To me, it's very finite "work", not forever - only till one finishes their VHS tapes and moves on. In the long run you'll be glad you did it, and won't care.
If you like, capture a small scene three times, post the caps, and we'll do our best to help you set it up.
Last edited by PuzZLeR; 23rd Sep 2015 at 12:27.I hate VHS. I always did.
"Line base correction" -- is that the same as "time base correction"? If so, how do you achieve it for every new digitisation? I tried to get some economical hardware for it from Amazon, but it turned out I didn't read far enough to see the user q&a where it was specifically reported NOT to do TBC. Waste of money. I went to look for another one, a little less economical, but the only one I saw in reasonable range is apparently using the term TB correction in a very loose fashion. Not buying it.
Do you have software that can do the relevant TB correction? Thanks.
I was going to try doing this, but my Diamond VC500 cxt is suddenly playing silly buggers and giving me loads of snow, bad colour ranges, absurd brightness, tearing,
etc. I've been trying (through VLC) to work out the necessary parameters, but that's a lot of variables to juggle. I actually got a good picture last night, for the first time in a while, but I can't be sure exactly what caused it.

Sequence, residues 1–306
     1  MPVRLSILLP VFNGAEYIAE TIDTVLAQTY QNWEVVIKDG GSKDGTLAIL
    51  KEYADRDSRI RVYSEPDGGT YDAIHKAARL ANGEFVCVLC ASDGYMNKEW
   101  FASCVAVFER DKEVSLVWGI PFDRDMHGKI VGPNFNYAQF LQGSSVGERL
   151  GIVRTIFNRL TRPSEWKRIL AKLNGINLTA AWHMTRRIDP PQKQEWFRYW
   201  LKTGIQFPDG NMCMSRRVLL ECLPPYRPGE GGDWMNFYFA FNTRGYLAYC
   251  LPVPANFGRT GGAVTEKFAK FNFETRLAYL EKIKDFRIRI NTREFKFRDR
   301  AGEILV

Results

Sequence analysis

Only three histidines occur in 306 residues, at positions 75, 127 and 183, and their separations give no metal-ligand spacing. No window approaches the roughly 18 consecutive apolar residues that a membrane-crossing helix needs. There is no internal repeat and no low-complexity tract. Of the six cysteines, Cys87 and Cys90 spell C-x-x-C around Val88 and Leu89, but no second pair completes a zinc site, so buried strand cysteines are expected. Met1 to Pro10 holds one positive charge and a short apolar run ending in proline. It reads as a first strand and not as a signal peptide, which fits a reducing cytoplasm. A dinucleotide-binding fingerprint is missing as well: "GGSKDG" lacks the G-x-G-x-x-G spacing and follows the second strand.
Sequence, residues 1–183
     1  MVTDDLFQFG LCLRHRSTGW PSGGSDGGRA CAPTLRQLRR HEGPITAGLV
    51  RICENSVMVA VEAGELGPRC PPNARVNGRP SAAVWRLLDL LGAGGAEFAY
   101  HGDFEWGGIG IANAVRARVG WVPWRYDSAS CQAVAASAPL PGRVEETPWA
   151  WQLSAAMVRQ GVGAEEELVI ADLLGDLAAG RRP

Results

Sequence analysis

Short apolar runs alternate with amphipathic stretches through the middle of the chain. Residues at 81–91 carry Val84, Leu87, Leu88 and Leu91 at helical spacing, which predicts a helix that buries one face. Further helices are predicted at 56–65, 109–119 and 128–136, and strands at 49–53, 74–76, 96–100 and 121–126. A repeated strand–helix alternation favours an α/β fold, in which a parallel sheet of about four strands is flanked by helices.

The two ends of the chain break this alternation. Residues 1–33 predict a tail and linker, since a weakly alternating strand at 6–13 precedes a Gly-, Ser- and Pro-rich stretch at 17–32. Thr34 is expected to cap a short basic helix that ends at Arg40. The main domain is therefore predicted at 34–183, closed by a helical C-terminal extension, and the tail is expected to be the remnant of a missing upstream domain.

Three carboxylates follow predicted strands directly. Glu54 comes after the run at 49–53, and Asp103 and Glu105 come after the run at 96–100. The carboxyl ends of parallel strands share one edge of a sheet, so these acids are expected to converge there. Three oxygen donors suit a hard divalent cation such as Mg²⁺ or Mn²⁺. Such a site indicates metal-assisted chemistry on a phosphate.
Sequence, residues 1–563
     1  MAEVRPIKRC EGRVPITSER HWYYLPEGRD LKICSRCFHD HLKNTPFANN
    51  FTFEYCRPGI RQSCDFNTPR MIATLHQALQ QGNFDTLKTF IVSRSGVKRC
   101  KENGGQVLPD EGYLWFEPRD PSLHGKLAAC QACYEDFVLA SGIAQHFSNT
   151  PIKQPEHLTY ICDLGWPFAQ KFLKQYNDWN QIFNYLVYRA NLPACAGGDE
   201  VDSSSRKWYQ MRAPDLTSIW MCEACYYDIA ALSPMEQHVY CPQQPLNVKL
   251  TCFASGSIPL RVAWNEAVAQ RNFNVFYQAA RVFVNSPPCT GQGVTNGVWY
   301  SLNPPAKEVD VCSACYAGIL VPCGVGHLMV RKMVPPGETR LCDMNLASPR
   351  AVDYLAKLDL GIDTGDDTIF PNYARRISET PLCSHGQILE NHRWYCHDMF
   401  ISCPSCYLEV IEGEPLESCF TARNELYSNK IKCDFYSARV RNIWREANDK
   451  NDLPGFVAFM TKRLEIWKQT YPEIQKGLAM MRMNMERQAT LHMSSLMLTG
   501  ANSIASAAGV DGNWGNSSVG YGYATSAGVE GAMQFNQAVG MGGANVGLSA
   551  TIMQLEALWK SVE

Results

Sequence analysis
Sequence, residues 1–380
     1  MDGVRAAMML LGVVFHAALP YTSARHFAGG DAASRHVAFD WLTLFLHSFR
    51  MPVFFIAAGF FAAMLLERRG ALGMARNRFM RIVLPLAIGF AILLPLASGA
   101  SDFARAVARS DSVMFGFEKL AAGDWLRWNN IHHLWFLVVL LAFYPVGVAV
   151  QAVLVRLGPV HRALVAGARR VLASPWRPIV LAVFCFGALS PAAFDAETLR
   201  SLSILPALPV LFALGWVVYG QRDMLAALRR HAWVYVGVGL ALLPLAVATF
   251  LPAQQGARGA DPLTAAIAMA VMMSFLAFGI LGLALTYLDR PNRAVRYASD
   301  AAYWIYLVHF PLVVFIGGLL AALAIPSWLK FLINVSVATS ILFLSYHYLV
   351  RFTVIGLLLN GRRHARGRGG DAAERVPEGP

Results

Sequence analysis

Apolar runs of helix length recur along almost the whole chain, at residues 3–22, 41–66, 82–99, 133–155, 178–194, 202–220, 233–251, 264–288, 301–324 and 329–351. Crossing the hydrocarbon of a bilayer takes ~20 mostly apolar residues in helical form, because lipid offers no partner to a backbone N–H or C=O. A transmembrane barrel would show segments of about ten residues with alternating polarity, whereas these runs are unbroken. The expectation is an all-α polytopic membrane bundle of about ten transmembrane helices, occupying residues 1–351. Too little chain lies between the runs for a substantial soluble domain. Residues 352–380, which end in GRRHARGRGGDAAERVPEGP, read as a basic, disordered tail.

I actually tried bringing in another, older VCR (whose tape carriage broke), but which is generally a lot more sophisticated than my current one, with the idea that I'd try piping the Philip's signal through it and thence to the Diamond, hoping it would turn out to have the TBC circuitry, and would just pass the signal through if I pressed REC. (It only later occurred to me that the last thing I want is 2 levels of analogue signals in a row). That's when the Diamond apparently started acting up. I gave it up and removed the older VCR from the system.
Which leads me to a related pair of questions, hoping nobody will mind me adding them in on this same thread:
- Is anybody else having this kind of trouble with the Diamond VC500 or does it normally work acceptably?
- I'm thinking seriously of replacing the Diamond with the Elgato. A lot more expensive but apparently a better reputation. Anybody have any reactions about that, good or bad?
Thanks again for your time and expert advice.